WATTERS: I want to talk about this guy Lynch, he's a player, running back for the Raiders, he was down playing a game in Mexico City, and instead of standing for the national anthem he sat, but then he stood for the Mexican national amber. People are very upset about this. Juan, what do you think?
WILLIAMS: I think what he did was very clear. He is protesting what he sees as social injustice, police brutality in the United States not Mexico. So he staged a protest against the United States in terms of the anthem, and I understand people who say, oh, it's about the anthem or the flag. That's not what he's about. He's about calling attention, using his platform as an NFL player to get people to pay attention to people who get injured or die and nothing gets done in the words of some others.
WATTERS: I don't like at all. I hate it. Gutfeld, what do you think?
GUTFELD: I'm going to steal a joke from Nick Gillespie and say that's when they should have started building the wall during that game.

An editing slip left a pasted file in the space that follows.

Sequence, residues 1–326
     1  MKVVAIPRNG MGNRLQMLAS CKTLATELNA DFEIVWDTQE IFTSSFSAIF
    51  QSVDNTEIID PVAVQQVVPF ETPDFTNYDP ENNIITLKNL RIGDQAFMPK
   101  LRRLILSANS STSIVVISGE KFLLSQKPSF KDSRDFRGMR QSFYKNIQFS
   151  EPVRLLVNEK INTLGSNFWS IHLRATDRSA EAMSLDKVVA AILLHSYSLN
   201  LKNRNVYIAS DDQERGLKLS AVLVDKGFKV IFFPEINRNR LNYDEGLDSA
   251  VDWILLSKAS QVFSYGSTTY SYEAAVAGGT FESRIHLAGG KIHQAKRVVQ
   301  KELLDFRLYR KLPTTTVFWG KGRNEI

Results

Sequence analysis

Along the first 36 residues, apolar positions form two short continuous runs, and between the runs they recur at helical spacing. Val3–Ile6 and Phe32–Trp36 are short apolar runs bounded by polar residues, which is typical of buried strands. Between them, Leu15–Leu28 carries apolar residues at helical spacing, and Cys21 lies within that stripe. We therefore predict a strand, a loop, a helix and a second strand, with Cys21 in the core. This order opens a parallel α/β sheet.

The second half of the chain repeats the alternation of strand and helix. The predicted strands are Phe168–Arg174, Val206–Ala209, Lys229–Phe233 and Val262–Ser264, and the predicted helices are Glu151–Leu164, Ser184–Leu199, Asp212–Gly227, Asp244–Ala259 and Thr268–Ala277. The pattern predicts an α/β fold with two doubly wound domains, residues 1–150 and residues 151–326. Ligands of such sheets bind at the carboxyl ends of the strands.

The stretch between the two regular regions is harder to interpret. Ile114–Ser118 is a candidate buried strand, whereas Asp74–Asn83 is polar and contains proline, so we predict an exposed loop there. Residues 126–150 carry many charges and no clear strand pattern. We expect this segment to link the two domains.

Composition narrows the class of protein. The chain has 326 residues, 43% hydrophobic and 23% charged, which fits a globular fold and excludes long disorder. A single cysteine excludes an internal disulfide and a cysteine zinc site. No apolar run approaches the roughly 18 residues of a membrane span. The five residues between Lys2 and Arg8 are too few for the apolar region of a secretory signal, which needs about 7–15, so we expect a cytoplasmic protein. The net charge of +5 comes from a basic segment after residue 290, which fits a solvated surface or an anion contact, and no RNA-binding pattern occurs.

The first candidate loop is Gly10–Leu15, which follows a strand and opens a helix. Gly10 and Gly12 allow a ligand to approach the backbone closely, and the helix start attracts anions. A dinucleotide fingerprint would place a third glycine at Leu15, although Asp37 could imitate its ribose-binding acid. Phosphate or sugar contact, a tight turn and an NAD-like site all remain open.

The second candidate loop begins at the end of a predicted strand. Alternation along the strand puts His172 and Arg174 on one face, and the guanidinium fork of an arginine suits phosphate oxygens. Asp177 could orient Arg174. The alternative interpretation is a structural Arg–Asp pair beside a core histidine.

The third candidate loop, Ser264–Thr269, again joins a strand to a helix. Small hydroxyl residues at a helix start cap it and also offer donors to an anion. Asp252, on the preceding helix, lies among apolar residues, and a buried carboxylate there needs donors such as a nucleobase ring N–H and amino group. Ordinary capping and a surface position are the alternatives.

WATTERS: Yeah, just keep them down there?
GUTFELD: Keep the Raiders.
GUILFOYLE: There's a lot of people that would agree with that. That is a consensus piece of legislation that could get approved.
GUTFELD: That might get the wall build.
GUILFOYLE: I know. And by the way, he's acting in true fashion like Raiders, that bad boy image.
WATTERS: That guy is a renegade. That's why gets fine so much.
GUILFOYLE: Yes. And now he's like -- this is what he does.
WATTERS: Yeah, that's what he does.
GUILFOYLE: So I don't know if it so much that he's passionate about it in his heart, or he's just, you know.
GUTFELD: He's actually just a jerk.
GUTFELD: Can we just say he's a jerk?
GUILFOYLE: Does Shaw think he's a jerk? Shaq thinks he's a jerk.